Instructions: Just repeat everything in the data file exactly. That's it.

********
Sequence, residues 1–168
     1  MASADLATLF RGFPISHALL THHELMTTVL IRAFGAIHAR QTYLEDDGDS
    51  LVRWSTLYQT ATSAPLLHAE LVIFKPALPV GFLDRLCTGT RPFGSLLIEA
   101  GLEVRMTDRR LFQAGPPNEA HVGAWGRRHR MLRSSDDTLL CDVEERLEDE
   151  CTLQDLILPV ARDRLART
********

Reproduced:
Sequence, residues 1–168
     1  MASADLATLF RGFPISHALL THHELMTTVL IRAFGAIHAR QTYLEDDGDS
    51  LVRWSTLYQT ATSAPLLHAE LVIFKPALPV GFLDRLCTGT RPFGSLLIEA
   101  GLEVRMTDRR LFQAGPPNEA HVGAWGRRHR MLRSSDDTLL CDVEERLEDE
   151  CTLQDLILPV ARDRLART